According to the Centers for Disease Control or CDC, recommended and required immunizations from birth to age 18 are:
- Hepatitis B
- Diphtheria, Tetanus, Pertussis
- Haemophilus influenza type B
- Pneumococcal conjugate
- Measles, mumps, rubella
- Hepatitis A
- Human papillomavirus
- Meningococcal conjugate
If your child wants to play a sport, a sports physical may be combined with the school physical. A sports physical helps determine whether your child is healthy enough to play a sport.
During a sports physical, your pediatrician will also check your child’s balance, reflexes, flexibility, muscle strength, and breathing, to determine how your child might react while under physical stress.
Schools, sports, and exposure to other students provide a breeding ground for illness. Regular school and sports physicals, immunizations, and early treatment can help your child stay healthy during the school years and beyond. To find out more about school physicals, call your pediatrician today.
Find out more about well-child checkups and why they are crucial for your child’s health.
From the moment your baby is born, you want to give them everything. You also want to ensure they have everything they need to grow up healthy and strong. That’s where well-child visits come in. These checkups with your pediatrician allow them to check up and monitor your child’s health when they are growing fast and reaching one developmental milestone after another. These well-child visits help your child stay healthy and detect issues early on.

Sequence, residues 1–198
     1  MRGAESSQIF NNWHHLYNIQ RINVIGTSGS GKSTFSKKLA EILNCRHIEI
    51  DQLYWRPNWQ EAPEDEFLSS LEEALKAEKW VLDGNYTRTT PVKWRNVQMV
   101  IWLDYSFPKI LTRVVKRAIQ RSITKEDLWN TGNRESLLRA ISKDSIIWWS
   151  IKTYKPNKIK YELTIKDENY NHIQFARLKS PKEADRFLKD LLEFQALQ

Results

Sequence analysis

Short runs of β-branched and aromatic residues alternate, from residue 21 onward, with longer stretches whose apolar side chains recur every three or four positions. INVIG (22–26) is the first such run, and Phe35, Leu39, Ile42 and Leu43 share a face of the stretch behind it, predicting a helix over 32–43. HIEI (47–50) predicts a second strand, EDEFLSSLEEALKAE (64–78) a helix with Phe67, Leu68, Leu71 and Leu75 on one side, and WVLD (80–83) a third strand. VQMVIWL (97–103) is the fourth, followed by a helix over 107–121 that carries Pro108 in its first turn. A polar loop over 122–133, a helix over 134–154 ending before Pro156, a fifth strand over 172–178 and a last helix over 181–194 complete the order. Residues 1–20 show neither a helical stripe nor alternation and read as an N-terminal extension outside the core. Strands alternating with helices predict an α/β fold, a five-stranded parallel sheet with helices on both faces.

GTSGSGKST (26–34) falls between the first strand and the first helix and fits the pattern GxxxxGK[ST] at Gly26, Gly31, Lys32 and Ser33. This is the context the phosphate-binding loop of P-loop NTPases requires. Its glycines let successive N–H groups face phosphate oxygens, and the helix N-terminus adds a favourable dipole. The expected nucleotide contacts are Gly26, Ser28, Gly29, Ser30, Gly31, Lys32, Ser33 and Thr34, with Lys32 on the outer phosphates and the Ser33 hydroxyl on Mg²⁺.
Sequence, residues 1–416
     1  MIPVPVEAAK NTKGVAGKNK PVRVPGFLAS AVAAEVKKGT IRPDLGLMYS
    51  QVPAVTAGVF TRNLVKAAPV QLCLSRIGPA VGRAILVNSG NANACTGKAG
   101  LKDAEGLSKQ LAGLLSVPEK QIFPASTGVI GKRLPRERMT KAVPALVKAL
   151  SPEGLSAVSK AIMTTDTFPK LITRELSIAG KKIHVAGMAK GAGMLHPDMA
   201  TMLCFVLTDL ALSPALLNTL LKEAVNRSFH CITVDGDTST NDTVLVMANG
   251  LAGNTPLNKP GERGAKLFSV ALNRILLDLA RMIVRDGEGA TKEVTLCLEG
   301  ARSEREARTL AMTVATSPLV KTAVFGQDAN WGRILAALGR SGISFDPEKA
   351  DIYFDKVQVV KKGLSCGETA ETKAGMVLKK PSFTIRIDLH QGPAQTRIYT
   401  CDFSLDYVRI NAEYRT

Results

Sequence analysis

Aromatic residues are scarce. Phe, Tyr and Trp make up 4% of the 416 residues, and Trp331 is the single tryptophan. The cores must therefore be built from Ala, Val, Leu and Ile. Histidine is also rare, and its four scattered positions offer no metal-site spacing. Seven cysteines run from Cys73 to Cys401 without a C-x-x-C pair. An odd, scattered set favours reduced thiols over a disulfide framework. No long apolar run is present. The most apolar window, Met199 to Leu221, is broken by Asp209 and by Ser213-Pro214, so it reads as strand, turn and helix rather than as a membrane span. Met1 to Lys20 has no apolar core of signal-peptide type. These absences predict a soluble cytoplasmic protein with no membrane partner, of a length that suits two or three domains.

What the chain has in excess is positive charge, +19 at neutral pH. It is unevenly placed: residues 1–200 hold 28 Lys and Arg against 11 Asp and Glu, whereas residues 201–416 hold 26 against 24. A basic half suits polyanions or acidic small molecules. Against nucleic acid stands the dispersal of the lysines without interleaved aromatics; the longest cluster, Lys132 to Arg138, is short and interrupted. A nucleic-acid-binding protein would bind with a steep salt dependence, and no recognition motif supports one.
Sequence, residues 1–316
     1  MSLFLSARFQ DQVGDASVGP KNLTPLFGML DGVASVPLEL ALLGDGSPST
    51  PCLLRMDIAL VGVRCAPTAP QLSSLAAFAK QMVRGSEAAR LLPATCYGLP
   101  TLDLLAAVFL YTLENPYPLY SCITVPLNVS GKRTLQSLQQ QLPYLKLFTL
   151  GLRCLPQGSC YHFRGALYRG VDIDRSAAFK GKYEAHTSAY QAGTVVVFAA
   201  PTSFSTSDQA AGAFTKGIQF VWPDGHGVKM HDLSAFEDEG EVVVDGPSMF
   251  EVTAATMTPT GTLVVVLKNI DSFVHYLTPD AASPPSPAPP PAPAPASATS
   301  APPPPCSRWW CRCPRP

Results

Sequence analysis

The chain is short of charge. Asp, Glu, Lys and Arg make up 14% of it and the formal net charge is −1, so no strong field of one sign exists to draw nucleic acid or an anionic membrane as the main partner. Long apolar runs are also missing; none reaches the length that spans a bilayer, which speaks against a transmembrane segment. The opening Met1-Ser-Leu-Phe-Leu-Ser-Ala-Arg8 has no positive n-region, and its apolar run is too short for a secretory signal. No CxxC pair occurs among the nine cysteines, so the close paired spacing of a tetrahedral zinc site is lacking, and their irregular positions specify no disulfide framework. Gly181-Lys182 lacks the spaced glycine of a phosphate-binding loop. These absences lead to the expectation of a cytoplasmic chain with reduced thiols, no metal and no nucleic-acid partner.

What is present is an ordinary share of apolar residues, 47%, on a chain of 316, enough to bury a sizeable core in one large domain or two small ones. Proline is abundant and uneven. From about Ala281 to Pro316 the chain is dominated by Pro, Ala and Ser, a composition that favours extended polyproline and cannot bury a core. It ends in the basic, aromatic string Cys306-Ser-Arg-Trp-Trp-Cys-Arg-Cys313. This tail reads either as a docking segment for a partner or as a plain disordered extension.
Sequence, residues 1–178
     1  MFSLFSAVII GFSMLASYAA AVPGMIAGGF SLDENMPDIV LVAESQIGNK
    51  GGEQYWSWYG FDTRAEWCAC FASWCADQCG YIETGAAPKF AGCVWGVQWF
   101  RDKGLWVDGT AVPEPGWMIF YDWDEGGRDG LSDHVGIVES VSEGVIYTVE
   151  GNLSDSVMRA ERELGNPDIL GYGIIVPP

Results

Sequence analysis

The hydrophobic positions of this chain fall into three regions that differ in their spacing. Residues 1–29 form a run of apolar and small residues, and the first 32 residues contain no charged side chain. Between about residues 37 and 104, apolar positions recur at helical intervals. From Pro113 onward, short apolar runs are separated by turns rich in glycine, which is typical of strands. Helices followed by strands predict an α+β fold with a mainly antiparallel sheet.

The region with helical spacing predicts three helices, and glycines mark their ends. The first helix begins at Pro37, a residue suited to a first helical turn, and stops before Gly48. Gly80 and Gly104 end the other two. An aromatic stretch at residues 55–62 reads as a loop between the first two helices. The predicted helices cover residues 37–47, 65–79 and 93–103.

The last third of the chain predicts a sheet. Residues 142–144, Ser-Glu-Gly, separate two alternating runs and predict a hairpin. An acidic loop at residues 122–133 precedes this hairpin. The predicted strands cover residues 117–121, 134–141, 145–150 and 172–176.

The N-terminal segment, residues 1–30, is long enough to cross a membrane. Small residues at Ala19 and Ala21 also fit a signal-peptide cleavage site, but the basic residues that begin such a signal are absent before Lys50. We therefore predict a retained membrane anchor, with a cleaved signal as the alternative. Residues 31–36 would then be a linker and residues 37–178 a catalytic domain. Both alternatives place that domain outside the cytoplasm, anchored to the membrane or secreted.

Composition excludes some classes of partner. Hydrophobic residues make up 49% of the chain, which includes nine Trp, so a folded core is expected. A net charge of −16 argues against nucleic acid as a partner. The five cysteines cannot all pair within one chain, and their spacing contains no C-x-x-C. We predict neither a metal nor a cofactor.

But My Child Is Healthy. Do They Still Need a Checkup?
Pediatrician visits aren’t just for sick kids. In fact, healthy children still need to visit their pediatrician regularly for wellness checkups to ensure they stay healthy. After all, these visits are the best way for your child’s medical team to monitor their health and development and catch problems early on. During your child’s well-child checkup, your pediatrician will evaluate your child’s health, growth and development.